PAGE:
Physics major, Alex Mahnke, presented his idea for a wearable with light sensors that create safer options for students, construction workers, and others traveling or working in low-light situations.
There’s significant value in a student receiving help from a peer, says Amihan, who has a Ph.D. in physics.
“This is someone they can relate to, someone who just recently had the same experience as they did in that same classroom,” she says. “I can’t tell you the number of times I’ve learned from one of our peer tutors how to better explain a complicated concept to a student.”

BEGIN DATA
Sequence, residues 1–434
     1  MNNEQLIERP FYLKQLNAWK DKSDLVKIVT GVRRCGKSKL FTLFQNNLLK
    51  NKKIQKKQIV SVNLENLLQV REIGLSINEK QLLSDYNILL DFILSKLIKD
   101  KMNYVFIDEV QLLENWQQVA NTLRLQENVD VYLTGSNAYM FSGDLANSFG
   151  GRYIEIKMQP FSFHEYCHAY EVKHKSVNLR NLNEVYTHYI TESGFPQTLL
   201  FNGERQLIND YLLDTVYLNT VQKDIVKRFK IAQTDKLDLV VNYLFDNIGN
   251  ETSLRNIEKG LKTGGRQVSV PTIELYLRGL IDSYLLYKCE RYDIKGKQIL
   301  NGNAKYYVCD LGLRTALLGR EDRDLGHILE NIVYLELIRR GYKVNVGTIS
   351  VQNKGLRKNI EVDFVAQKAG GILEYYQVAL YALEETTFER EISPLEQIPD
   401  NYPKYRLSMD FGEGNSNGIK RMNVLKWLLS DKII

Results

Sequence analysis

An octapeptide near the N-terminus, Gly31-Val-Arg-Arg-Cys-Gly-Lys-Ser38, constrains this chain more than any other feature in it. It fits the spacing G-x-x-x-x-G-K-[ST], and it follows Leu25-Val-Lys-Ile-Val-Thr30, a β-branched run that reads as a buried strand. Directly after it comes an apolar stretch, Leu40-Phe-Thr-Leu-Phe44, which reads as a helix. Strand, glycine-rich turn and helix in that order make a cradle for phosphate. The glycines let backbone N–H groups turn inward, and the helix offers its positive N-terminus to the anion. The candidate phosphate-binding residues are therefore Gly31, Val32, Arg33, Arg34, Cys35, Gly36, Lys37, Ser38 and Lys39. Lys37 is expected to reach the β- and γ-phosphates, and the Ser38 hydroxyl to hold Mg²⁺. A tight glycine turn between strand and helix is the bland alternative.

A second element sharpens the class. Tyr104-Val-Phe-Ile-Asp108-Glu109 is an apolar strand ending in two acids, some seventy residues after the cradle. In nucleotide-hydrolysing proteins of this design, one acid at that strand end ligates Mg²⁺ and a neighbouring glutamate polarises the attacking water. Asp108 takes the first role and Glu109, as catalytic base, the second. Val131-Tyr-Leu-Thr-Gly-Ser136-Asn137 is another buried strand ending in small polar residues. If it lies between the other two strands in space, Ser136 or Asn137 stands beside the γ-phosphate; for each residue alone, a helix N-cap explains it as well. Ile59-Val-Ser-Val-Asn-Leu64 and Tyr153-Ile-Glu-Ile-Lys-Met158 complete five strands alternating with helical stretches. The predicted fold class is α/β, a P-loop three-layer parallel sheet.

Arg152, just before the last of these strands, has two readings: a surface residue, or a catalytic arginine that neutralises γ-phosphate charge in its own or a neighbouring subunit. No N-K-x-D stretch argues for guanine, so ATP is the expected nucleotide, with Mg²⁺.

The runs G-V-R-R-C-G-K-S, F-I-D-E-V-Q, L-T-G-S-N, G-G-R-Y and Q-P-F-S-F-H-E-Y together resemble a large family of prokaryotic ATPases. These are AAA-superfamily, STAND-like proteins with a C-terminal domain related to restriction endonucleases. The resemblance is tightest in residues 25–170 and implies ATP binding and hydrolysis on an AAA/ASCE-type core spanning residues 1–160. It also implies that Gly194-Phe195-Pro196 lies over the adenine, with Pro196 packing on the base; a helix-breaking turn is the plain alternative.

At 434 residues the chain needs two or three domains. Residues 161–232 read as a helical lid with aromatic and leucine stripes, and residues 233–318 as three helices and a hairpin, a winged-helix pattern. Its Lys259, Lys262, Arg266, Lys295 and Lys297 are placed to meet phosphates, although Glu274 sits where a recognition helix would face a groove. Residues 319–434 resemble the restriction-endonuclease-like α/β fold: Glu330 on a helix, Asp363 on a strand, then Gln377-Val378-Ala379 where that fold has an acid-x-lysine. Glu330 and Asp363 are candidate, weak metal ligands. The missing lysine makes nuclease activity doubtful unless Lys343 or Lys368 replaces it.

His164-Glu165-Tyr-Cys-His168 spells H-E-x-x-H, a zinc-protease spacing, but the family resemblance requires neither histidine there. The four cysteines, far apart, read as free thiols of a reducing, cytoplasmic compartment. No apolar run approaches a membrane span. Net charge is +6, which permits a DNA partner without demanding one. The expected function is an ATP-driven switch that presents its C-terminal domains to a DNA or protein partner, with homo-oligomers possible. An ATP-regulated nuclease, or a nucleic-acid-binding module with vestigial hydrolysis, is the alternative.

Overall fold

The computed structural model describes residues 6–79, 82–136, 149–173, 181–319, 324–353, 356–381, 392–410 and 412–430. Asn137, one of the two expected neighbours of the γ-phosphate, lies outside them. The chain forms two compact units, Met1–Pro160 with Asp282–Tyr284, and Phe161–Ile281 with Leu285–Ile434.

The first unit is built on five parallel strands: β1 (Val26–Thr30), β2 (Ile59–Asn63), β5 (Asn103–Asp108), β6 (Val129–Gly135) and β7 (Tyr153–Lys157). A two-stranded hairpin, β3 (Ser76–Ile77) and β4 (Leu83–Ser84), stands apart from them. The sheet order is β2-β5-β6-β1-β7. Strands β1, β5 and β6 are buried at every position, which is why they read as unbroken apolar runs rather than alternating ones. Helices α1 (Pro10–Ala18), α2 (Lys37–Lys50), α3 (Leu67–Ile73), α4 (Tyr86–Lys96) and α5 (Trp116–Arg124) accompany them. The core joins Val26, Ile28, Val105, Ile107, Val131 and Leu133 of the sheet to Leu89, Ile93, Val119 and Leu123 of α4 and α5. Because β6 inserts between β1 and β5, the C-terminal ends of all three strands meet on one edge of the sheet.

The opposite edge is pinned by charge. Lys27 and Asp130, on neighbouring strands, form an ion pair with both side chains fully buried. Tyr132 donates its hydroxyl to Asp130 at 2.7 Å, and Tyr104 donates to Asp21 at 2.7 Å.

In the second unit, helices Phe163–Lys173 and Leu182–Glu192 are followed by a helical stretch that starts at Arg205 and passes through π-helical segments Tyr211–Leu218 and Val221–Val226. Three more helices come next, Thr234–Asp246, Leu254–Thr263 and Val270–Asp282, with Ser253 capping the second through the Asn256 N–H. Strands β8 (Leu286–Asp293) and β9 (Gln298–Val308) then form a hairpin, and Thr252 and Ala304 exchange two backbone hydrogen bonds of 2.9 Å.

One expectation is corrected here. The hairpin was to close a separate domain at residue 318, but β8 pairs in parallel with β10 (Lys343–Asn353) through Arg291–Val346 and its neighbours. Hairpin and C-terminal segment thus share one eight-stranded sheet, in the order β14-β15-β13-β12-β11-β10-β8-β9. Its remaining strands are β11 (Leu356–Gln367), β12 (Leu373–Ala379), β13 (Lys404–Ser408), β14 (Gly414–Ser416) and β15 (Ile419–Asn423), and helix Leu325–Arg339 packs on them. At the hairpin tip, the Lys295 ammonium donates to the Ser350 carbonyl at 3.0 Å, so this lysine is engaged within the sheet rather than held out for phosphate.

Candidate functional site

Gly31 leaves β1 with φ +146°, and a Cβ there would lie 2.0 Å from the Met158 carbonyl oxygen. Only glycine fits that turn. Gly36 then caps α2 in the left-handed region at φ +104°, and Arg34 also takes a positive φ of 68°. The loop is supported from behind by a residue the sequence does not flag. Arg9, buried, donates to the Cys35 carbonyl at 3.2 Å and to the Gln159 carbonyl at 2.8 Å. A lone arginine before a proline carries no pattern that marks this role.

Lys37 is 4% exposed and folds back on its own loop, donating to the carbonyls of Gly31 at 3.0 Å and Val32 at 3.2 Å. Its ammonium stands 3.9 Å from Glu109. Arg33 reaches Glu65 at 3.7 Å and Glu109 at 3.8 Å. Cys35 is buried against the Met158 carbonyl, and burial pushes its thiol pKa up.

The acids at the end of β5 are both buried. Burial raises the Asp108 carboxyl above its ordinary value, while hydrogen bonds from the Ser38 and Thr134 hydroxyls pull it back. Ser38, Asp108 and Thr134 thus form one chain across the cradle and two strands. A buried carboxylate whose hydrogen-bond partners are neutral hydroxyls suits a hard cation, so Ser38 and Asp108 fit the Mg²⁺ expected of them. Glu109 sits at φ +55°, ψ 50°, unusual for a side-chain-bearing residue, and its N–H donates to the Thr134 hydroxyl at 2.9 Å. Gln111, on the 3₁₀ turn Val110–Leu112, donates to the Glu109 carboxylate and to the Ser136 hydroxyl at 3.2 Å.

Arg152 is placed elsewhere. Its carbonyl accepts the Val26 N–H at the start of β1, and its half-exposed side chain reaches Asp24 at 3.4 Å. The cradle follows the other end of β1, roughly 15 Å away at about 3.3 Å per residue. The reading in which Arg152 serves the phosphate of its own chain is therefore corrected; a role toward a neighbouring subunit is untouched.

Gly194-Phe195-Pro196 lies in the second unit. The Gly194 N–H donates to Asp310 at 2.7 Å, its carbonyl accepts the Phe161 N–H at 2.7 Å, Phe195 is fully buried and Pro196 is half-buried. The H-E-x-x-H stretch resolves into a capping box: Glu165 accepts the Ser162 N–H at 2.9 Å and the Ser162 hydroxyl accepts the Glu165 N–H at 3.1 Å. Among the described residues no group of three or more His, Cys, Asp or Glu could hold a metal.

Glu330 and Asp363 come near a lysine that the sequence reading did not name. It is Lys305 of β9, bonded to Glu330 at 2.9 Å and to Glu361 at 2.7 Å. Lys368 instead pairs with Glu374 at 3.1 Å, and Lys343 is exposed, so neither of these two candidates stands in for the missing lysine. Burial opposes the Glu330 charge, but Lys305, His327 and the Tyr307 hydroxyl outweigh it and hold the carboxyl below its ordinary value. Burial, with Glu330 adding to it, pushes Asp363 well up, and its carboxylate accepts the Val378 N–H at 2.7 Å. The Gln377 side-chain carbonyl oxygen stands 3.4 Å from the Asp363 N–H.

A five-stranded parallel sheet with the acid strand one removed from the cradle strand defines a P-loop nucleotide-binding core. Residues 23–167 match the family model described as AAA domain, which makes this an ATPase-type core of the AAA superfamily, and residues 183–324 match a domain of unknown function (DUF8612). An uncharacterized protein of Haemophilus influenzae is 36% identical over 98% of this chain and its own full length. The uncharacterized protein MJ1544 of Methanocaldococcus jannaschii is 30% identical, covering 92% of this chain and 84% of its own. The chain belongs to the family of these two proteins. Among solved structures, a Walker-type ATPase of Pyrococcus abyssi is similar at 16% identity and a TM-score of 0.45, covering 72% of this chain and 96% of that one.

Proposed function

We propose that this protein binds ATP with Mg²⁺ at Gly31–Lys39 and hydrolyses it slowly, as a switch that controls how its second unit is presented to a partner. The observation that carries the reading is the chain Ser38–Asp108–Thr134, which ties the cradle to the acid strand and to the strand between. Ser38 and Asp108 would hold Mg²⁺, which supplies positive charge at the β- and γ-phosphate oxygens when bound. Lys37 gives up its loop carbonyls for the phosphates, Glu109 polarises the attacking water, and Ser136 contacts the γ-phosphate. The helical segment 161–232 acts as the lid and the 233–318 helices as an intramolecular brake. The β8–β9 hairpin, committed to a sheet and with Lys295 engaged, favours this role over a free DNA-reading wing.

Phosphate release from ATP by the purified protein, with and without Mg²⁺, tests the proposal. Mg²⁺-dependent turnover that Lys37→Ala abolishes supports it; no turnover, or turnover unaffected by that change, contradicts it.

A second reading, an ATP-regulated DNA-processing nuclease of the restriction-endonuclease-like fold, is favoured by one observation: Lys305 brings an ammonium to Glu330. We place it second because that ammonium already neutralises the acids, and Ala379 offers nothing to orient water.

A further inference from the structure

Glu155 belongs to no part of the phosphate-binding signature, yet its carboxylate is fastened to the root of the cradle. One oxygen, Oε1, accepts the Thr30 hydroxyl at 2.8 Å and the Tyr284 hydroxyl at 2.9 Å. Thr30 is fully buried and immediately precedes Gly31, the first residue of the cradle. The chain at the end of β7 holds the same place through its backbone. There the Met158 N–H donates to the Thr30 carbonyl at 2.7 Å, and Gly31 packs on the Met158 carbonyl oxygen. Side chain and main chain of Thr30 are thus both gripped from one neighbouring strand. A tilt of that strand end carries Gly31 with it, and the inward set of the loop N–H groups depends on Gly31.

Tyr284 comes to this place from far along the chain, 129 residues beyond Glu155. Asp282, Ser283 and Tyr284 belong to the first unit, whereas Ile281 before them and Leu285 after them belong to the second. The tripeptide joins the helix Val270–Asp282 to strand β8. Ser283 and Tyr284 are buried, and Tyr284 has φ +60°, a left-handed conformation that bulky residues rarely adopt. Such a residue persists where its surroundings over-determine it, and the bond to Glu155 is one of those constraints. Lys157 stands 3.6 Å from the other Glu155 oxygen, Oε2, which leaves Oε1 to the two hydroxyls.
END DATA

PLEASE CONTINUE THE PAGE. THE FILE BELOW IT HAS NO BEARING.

ALL kicks off the school year with LAB³, a September exhibition featuring artworks inspired by scientific research done at the Wisconsin IceCube Particle Astrophysics Center (WIPAC) and the Department of Physics at UW-Madison. The LAB³ project paired UW-Madison physicists and Madison-based artists and writers with 24 high school students from Madison, Middleton, Waunakee, Janesville, Wauwatosa, and Lake Mills. Over the summer, six teams (each composed of a scientist, visual/performing artist, writer, and 3-4 high schoolers) explored current scientific research ranging from neutrinos to dark matter to cosmic rays. In response to these scientific topics, the teams have produced original visual, literary, and performance-based art (including two-dimensional art, installation, video art, sculpture, and poetry) which will be on display at ALL from September 8 through September 29, 2018. An opening reception will be held on Saturday, September 8 from 6-9pm. The exhibition and reception are FREE and open to the public.